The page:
Date   

Re: Shipping Eggs 100 Years Ago

Brian Termunde
 

Thanks for this tidbit Nolan!

It helps me in several ways. First, I model Raymond / South Bend, Washington State, the Oyster Capital of the world! [And who am I to argue with the local boosters? ] So now instead of just shipping oysters, I can ship oyster shells. Plus, being that I also love the NWP, now I can 'justify' having NWP box cars on my line. They're there to ship shells to Petaluma!

And I enjoyed the movie "The Egg and I" as well. In fact, the actual location where the events that Betty MacDonald (e i e i o?) related took place is not too far north of Willapa Harbor (about 2 hours). I was actually near there just before my ship headed out to the Persian Gulf, but was unaware of it. Dang!

Take Care,
 
Brian R. Termunde
Midvale, Utah


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________________________________________________________________________
3a. Re: Shipping Eggs 100 Years Ago
Posted by: "Nolan Hinshaw" cearnog@... gatepigeon
Date: Tue May 23, 2017 1:33 pm ((PDT))


From: "thecitrusbelt@... [STMFC]" <STMFC@...>
To: STMFC@...
Sent: Sunday, May 21, 2017 5:31 PM
Subject: [STMFC] Shipping Eggs 100 Years Ago

[photo link elided]

That tickled a minor obsession of mine -- I have several connections with the city of Petaluma California, once known as the egg basket of the US and the topic of the film _The Egg and I_. Petaluma chickens ate feed containing ground oyster shells from which they extracted calcium which they subsequently deposited in their shells, which allowed the eggs to travel by rail to the rest of the country. In about 1915 Petaluma shipped over 143 million chicken eggs to the rest of the US by rail! The connection was mostly via the Petaluma & Santa Rosa and the Espee.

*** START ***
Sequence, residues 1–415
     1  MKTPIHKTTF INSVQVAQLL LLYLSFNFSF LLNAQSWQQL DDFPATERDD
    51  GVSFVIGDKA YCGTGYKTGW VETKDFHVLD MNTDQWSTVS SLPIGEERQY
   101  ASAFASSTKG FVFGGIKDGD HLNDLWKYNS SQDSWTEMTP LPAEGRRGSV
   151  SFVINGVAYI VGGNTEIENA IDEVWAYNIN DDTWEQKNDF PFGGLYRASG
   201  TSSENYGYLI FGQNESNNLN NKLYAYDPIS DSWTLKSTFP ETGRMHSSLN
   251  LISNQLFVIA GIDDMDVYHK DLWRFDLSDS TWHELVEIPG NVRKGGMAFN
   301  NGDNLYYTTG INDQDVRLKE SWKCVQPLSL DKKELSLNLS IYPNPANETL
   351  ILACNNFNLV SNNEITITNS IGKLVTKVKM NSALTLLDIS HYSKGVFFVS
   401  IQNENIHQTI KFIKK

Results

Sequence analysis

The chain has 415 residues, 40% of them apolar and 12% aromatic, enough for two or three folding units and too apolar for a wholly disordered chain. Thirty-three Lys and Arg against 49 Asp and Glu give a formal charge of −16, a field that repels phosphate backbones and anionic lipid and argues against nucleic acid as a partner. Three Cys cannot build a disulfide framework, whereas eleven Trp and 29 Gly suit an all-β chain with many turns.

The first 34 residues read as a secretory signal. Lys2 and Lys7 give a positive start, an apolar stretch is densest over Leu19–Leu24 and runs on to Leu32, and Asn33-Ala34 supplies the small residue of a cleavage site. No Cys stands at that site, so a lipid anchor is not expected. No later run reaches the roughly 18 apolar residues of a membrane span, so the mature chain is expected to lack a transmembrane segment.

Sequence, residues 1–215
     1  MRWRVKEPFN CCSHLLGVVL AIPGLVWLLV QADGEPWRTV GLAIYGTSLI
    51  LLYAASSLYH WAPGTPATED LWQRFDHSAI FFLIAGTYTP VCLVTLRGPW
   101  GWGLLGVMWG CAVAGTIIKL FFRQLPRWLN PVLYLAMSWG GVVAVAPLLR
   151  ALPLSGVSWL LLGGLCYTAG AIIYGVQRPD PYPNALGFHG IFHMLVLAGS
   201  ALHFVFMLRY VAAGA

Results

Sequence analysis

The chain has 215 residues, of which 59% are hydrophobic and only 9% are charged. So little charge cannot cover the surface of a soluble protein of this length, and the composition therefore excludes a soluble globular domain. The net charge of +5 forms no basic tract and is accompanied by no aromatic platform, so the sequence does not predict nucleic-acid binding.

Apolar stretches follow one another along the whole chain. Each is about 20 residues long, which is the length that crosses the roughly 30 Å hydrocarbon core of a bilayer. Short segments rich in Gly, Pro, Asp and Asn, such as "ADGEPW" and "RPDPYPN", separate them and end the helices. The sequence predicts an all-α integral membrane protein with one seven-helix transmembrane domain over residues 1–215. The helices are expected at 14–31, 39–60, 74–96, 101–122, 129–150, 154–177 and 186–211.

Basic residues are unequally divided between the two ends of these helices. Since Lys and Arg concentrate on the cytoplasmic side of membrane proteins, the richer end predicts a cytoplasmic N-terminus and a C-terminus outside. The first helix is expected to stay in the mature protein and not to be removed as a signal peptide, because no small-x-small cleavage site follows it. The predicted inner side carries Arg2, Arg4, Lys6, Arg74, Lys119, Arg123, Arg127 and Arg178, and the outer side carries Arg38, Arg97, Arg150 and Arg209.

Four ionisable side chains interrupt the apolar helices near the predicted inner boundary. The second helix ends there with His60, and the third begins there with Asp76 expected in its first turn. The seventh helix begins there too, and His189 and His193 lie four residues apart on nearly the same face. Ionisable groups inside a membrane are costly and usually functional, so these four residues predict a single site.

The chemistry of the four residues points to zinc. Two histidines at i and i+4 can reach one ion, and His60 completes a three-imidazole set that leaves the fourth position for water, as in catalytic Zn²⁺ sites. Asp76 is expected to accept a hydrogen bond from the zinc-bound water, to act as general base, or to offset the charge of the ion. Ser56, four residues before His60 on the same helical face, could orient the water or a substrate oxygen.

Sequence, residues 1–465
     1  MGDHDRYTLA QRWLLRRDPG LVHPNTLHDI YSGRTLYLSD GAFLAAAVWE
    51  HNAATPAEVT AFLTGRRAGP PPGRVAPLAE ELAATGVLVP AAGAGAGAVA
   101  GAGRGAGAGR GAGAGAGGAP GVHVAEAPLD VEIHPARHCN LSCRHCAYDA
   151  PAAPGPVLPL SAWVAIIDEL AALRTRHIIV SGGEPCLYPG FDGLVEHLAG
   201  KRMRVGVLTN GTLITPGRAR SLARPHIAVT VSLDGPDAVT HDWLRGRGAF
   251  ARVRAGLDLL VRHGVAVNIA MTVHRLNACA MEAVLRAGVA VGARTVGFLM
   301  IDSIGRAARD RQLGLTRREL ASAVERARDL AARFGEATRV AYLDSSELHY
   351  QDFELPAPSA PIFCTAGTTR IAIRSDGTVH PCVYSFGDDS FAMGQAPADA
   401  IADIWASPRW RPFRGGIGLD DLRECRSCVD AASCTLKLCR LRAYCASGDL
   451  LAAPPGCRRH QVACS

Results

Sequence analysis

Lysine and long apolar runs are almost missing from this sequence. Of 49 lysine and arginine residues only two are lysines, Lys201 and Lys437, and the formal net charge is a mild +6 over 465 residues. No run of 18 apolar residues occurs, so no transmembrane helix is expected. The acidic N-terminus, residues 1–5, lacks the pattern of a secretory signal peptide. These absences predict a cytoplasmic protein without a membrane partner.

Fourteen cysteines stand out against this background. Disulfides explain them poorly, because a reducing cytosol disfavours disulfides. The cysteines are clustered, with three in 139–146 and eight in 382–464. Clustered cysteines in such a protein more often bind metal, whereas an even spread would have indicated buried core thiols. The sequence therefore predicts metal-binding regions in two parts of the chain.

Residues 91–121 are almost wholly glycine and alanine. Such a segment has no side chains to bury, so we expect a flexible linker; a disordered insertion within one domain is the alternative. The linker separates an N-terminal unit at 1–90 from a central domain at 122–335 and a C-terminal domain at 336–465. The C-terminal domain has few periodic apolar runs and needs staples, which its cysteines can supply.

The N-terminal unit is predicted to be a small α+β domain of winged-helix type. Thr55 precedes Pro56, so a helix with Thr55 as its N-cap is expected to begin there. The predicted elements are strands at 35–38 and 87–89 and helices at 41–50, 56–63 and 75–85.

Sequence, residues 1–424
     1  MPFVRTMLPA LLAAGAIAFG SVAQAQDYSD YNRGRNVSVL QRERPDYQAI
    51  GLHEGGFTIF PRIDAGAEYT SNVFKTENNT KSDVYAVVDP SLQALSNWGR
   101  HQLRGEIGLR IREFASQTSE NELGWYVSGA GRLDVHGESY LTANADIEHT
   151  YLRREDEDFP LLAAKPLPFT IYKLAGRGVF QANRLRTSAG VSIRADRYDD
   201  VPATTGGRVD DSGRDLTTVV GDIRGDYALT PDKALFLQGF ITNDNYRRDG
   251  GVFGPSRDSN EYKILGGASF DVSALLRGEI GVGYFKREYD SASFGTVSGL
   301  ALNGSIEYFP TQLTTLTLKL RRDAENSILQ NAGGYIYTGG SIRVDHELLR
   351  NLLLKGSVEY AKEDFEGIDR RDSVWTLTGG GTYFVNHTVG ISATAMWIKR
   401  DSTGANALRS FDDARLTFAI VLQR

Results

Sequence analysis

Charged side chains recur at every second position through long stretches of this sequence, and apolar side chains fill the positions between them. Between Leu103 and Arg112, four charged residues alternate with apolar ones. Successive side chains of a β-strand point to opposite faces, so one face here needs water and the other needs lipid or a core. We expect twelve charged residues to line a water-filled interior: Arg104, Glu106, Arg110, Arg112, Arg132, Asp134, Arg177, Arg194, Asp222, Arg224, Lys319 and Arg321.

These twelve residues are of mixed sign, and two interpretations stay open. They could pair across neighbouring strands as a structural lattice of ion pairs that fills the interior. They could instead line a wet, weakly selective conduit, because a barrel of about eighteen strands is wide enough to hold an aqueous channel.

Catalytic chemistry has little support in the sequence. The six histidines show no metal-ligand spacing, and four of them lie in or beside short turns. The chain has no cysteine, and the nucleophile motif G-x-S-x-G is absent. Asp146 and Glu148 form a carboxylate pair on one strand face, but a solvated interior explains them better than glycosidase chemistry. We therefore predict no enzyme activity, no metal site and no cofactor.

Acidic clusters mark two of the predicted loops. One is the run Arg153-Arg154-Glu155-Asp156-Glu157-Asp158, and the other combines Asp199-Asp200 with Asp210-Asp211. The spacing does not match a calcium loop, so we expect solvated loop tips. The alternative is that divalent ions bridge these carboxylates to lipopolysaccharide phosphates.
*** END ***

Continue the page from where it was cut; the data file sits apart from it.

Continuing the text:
See <https://en.wikipedia.org/wiki/Petaluma,_California


Re: Essential Freight Cars

Fred_Swa@...
 

I thought this was replacing the series http://speedwitchmedia.com/prototype-railroad-profiles/  
and that he would be updating some of the previous articles 
Fred Swanson



Re: Shipments: "Military Kraut"

Brian Termunde
 

Well, when I was stationed on Guam 1978-80, I seem to recall swapping "corned beef" for "beef stew" and "peaches" for "pears" during some typhoons while the mess was shut down! It wasn't that much worse then those "hockey pucks" that they often served!

At least aboard ship, we were still served hot meals, even when riding out a typhoon off of the P.I.

Take Care,
 
Brian R. Termunde
Midvale, Utah

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Re: Shipments: "Military Kraut"
Posted by: "Paul Koehler" koehlers@... buygonet
Date: Tue May 23, 2017 4:43 pm ((PDT))

I guess you should have been in Uncle Sam's Canoe Club. We never had them.



Paul C. Koehler


Re: Digest Number 10896

Brian Termunde
 

Well, when I was stationed on Guam 1978-80, I seem to recall swapping "corned beef" for "beef stew" and "peaches" for "pears" during some typhoons while the mess was shut down! It wasn't that much worse then those "hockey pucks" that they often served!

At least aboard ship, we were still served hot meals, even when riding out a typhoon off of the P.I.

Take Care,
 
Brian R. Termunde
Midvale, Utah

******************************************************************************


Re: Shipments: "Military Kraut"
Posted by: "Paul Koehler" koehlers@... buygonet
Date: Tue May 23, 2017 4:43 pm ((PDT))

I guess you should have been in Uncle Sam's Canoe Club. We never had them.



Paul C. Koehler


Re: Can I modify a Type 21 underframe into Type 11?

Rich C
 

Another difference is the tank saddles. I remember that clearly when I was following one of Ted Culotta's tank car kit bash articles. I had a Funaro & Camerlengo Type 11 kit that I borrowed from a club member. I now have my own F&C kits and will compare the underframes when I get a chance.

Rich Christie


On Tuesday, May 23, 2017 5:48 PM, "Ian Cranstone lamontc@... [STMFC]" wrote:


 
On 2017-05-23, at 12:36 PM, kemal_mumcu@... [STMFC] wrote:
 
Very helpful indeed Ian. As I model the late '40s this car had a different number and reporting marks than what is currently on the car. Any guess or opinion as to whether the car would have been sporting it's "aluminium" paint job by the '40s?